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Improved Outcomes from Diabetes Outreach Programs in Rural and Remote Aboriginal Communities of Alberta, Canada
 

Improved Outcomes from Diabetes Outreach Programs in Rural and Remote Aboriginal Communities of Alberta, Canada

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2011 (Jun) American Diabetes Association 71st Annual Scientific Sessions, poster presentation by BRAID Research

2011 (Jun) American Diabetes Association 71st Annual Scientific Sessions, poster presentation by BRAID Research

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    Improved Outcomes from Diabetes Outreach Programs in Rural and Remote Aboriginal Communities of Alberta, Canada Improved Outcomes from Diabetes Outreach Programs in Rural and Remote Aboriginal Communities of Alberta, Canada Presentation Transcript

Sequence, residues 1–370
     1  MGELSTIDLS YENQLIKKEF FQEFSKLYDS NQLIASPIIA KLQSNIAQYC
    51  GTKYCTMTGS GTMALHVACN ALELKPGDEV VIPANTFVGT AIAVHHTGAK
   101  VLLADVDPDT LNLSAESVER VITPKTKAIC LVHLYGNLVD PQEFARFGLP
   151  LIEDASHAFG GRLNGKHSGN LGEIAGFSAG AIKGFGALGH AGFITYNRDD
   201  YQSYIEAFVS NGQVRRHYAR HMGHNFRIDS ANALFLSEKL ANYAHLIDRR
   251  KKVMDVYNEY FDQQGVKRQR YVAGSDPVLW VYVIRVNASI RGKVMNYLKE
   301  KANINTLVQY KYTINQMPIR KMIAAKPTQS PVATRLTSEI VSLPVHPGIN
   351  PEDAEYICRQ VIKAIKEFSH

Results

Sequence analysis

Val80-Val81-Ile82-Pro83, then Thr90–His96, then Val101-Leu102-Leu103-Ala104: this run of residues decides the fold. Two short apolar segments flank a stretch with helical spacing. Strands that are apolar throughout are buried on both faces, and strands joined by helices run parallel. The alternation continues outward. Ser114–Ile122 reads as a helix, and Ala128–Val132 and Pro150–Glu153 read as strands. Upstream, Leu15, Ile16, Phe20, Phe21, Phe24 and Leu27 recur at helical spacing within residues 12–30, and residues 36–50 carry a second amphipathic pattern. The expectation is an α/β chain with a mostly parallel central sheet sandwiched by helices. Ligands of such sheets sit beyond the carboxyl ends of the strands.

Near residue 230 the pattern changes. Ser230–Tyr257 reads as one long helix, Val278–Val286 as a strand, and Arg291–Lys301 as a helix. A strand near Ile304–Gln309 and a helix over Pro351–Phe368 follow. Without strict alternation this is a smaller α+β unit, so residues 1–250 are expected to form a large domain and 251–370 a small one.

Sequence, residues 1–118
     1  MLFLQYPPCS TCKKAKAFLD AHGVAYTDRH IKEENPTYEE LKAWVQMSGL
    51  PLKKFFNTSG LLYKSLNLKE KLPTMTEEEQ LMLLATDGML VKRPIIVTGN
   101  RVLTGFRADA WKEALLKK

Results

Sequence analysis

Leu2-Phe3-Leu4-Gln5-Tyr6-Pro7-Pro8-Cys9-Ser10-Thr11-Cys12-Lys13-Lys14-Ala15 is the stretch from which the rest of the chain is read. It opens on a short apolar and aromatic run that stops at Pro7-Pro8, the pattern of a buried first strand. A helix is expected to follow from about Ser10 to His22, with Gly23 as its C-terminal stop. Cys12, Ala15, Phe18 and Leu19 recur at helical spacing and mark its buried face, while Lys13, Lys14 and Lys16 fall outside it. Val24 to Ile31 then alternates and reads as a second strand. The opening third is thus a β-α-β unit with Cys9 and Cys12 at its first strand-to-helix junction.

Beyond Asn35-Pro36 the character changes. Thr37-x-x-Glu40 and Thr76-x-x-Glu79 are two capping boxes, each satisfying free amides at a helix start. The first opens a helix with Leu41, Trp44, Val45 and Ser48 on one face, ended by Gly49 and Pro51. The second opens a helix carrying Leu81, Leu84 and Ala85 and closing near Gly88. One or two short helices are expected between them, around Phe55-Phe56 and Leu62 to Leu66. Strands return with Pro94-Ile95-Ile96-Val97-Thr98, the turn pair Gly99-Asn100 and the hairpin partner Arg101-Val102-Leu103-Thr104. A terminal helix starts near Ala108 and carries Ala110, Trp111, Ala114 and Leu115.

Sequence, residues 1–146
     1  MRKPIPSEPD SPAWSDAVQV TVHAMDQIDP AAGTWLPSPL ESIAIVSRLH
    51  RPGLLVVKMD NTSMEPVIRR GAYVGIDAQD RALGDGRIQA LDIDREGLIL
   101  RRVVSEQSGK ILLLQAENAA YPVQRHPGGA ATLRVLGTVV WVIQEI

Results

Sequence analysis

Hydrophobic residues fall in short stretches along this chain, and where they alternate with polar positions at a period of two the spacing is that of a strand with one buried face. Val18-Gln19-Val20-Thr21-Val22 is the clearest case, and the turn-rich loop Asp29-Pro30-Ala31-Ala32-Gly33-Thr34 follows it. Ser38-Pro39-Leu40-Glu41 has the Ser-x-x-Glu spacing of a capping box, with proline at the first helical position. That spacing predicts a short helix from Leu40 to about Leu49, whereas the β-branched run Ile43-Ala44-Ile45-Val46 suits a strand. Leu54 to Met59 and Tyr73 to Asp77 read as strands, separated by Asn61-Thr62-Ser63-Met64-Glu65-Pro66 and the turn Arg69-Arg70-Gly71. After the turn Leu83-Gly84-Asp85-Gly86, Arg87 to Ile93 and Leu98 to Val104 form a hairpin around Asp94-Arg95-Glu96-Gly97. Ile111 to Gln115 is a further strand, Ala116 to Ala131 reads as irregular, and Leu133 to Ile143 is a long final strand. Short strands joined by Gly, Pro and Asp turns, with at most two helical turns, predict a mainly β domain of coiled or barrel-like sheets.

• Improved Outcomes from Diabetes Outreach Programs in Ruraland Remote Aboriginal Communities of Alberta, CanadaRichard T. Oster, Kelli Ralph-Campbell, Tracy Connor, Ellen L. TothDepartment of Medicine, University of AlbertakABSTRACTAboriginal and rural/remote communitieshave increased risk and prevalences ofdiabetes, with less access to preventivehealth care and less opportunities forhealthy lifestyles. Since 2001, Albertahas hosted outreach and/or community-based screening programs in suchcommunities for diabetes and diabetesrisk. A total of 2879 persons withdiabetes and 4663 persons withoutdiagnosed diabetes (mostly Aboriginaland rural/remote) have been tested andcounseled in over 14,000 visits. Baselineadult characteristics have beenpreviously reported, and generally wereunfavorable, showing up to 31% withpre-diabetes and 83% overweight orobese. In this study we examined,longitudinally, the diabetes-relatedhealth of returning adult individuals.“Point-of-care” lab equipment wastransported to each community toscreen for diabetes and cardiovascularrisk; individuals with known diabeteswere also screened for complications. Inthe current investigation, body massindex (BMI), waist circumference,hemoglobin A1c (A1c), blood pressureand total cholesterol were considered.For the longitudinal analysis, univariategeneral linear mixed effect models withrandom client effect and fixed time (year)effect were utilized to obtain overalltrend estimates (considered significant ifp < 0.05). Improvements in BMI, bloodpressure, total cholesterol and A1cconcentrations were observed amongreturning subjects with diabetes (p <0.05) (N = 1415). Waist circumferenceswere unchanged. In contrast, subjectswithout known diabetes experiencedimprovements only in blood pressureand total cholesterol (p < 0.05), whereasboth BMI and waist circumferenceincreased over time (p < 0.05), and A1cwas unaffected (N = 1398). While secularimprovements in diabetes outcomes areoccurring in rural Aboriginal adultsexposed to diabetes outreach programs,the “dose” of such programs is likelyinsufficient to modify significant riskfactors in pre-diabetic clients, thusdifferent and/or more intense, and/ormore integrated strategies need to beexplored.For additional information contact:Richard Oster1055 RTF bldg, University of AlbertaEdmonton, Alberta, CanadaT6G 2V2780-407-8445roster@ualberta.caKSINTRODUCTION Statistical analysisAnalyses were done with SPSS 17.0. Mean baseline and subsequentindicators were compared for individuals over time with a univariategeneral linear mixed effect model. Those with and without diabeteswere analyzed separately. Resultant overall trend estimates for eachindicator were considered significant if P < 0.05.Since 2001, three separate screening programs have travelled to FirstNations communities, Métis settlements, and other remote Albertacommunities. Mobile clinics provide diabetes risk assessment, diabetescomplications screening, and community-based care. Ethical approvalwas secured from the Health Research Ethics Board at the University ofAlberta, and individuals consented to aggregate analysis.For returning subjects with diabetes, significant improvements inoverall trend estimates for BMI, blood pressure, total cholesterol andA1c concentrations were observed (P < 0.05).4. DISCUSSIONThe modest improvements amongst adults with diabetes imply thatthe outreach program care model may help support subjects toimprove their health. Secular improvements in diabetes health arelikely due to a combination of effects including the availability ofnational guidelines and the federal Aboriginal Diabetes Initiative.Unfortunately this combination is likely not enough to preventdiabetes in Aboriginal people with pre-diabetes, hence differentand/or more intense, and/or more integrated strategies are needed.5. REFERENCES1. Adelson N. 2005. Can J Public Health. 2. Gracey M, King M. 2009. Lancet. 374:65-75.96(S2):S45-S61.3. Young TK et al. 2000. CMAJ. 163:561-566. 4. Oster RT et al. 2010. Can J Public Health.101(5):410-414.5. NCEP Expert Panel. 2002. Circulation . 6. Canadian Diabetes Association. 2008. Can J106(25):3143-3421. Diabetes. 32(S1):S1-S201.In contrast, subjects without known diabetes experiencedimprovements only in blood pressure and total cholesterol (P < 0.05),whereas both BMI and waist circumference increased over time (P <0.05).Trends for health indicators of returning subjects with diabetes over time (N =1415). Values are estimates for the average change per year with SE.Baseline health indicators of subjects with diabetes. Values are means (± SD) orprevalences (95% CI).3. RESULTSSubjects ranged from 20 to 92 years of age (mean 48) and the majority(64.2%) were female. Baseline co-morbidities were very common andindicators were more severe among men and those with diabetes.2. METHODSCanadian Aboriginal IssuesDatabase, www.ualberta.ca/~walld/map.htmlIndian and NorthernAffairs Canada,www.ainc-inac.gc.ca-1.5 -1 -0.5 0 0.5 1 1.5BMIWaistA1cMAPSystolic BPDiastolic BPCholesterolEstimate of average change-1.5 -1 -0.5 0 0.5 1 1.5BMIWaistA1cMAPSystolic BPDiastolic BPCholesterolEstimate of average changeHealth indicator All (n = 2838) Females (n = 1732) Males (n = 1106)BMI (kg/m2) 33.6 ± 10.7 34.2 ± 12.3* 32.5 ± 7.4% overweight 25.2%(23.6 – 27.0)22.7%(20.7 – 24.9)*29.1%(26.3 – 32.0)% obese 67.4%(65.6 – 69.2)70.0%(67.6 – 72.2)*62.5%(59.5 – 65.6)% overweight/obese 92.3%(91.2 – 93.3)92.7%(91.3 – 94.0)91.6%(89.7 – 93.3)Waist circumference (cm) 110.7 ± 14.7 110.9 ± 14.7 110.5 ± 14.7% Abnormal 83.2%(81.7 – 84.6)88.9%(87.3 – 90.4)*73.6%(70.6 – 76.3)A1c (%) 8.0 ± 7.7 8.0 ± 9.7 8.0 ± 2.0% Poor glucose control 57.7%(55.7 – 59.5)55.6%(53.1 – 58.1)*60.9%(57.8 – 63.9)Systolic blood pressure (mmHg) 131.1 ± 19.1 129.3 ± 18.7* 133.9 ± 19.2Diastolic blood pressure (mmHg) 77.4 ± 11.0 75.7 ± 10.5* 80.0 ± 11.1Mean arterial pressure (mmHg) 95.3 ± 12.1 93.6 ± 11.7* 98.0 ± 12.1% Hypertensive 67.3%(65.5 – 69.0)62.9%(60.5 – 65.2)*74.1%(71.4 – 76.7)Total cholesterol (mM) 4.9 ± 1.2 5.0 ± 1.2 4.9 ± 1.3% Hypercholesterolemia 36.9%(34.9 – 39.0)38.0%(35.4 – 40.6)35.4%(32.2 – 38.6)Health indicator All (n = 4020) Females (n = 2673) Males (n = 1347)BMI (kg/m2) 30.8 ± 6.4 31.1 ± 6.8* 30.1 ± 5.5% overweight 31.1%(29.6 – 32.5)27.7%(26.0 -29.5)*37.7%(35.1 – 40.4)% obese 51.3%(49.7 – 52.9)54.0%(43.3 – 48.7)*46.0%(43.3 – 48.7)% overweight/obese 82.4%(81.1 – 83.6)81.7%(80.2 – 83.2)83.7%(81.6 – 85.6)Waist circumference (cm) 102.2 ± 15.6 101.3 ± 16.2* 104.1 ± 14.3% Abnormal 70.9%(69.4 – 72.3)79.3%(77.7 – 80.9)*54.2%(51.4 – 56.9)A1c (%) 5.5 ± 0.7 5.4 ± 0.6 5.6 ± 0.9% Undiagnosed diabetes (≥ 7%) 2.1%(1.7 – 2.6)1.8%(1.3 – 2.4)*2.9%(2.0 – 3.9)Systolic blood pressure (mmHg) 121.6 ± 17.9 118.5 ± 17.2* 127.6 ± 17.8Diastolic blood pressure (mmHg) 75.3 ± 10.7 73.6 ± 10.3* 78.6 ± 10.8Mean arterial pressure (mmHg) 90.7 ± 12.1 88.6 ± 11.6* 94.9 ± 12.0% Hypertensive 26.2%(24.5 – 27.9)21.5%(19.6 – 23.6)*34.9%(31.7 – 38.1)Total cholesterol (mM) 4.8 ± 1.1 4.7 ± 1.0* 4.9 ± 1.1% Hypercholesterolemia 32.8%(31.4 – 34.3)30.8%(29.0 – 32.6)*36.9%(34.3 – 39.5)1. INTRODUCTIONThe health of Canadian Aboriginals (First Nations, Inuit and Métis) ismarkedly poorer than their non-Aboriginal counterparts, with type 2diabetes at the forefront (1, 2). For Aboriginal peoples, many of whomlive in rural/remote settings and suffer from inequities with respect to thesocial determinants of health, rates of type 2 diabetes and itscomplications are 2-5 times more common (3).In response, several outreach and/or community-based diabetesscreening programs have been implemented in the province of Alberta.In this analysis we sought to examine, longitudinally, the diabetes-related health status among returning subjects with diabetes andwithout diabetes.Adults (≥ 20 years) enrolled through self-referral via local advertising. Atotal of 7542 unique subjects (2879 with diabetes, 4663 without diabetes)have been tested. Subjects were mostly First Nations (64.4%), with someMétis (21.8%) and non-Aboriginal (13.9%). Follow-up visits were availablefor 1415 subjects with diabetes and 1398 without diabetes.Mobile clinics equipped with healthcare personnel and portabletechnology travelled the communities. Detailed methodology has beenreported elsewhere (4). Measurements included body mass index (BMI),waist circumference, hemoglobin A1c (A1c), blood pressure, and totalcholesterol. National Cholesterol Education Program (5) and CanadianDiabetes Association (6) criteria were utilized to define overweight (BMI25-29.9), obesity (BMI ≥ 30), abnormal WC (≥ 102 males; ≥ 88 females),poor glucose control (A1c ≥ 7%), hypertension (≥ 130/80 for diabetes; ≥140/90 for no diabetes, or on anti-hypertensives), andhypercholesterolemia (≥ 5.24, or on anti-hyperlipidemics).Baseline health indicators of subjects without diabetes. Values are means (± SD)or prevalences (95% CI).Trends for health indicators of returning subjects with diabetes over time (N =1398). Values are estimates for the average change per year with SE.* denotes significant gender difference* denotes significant gender difference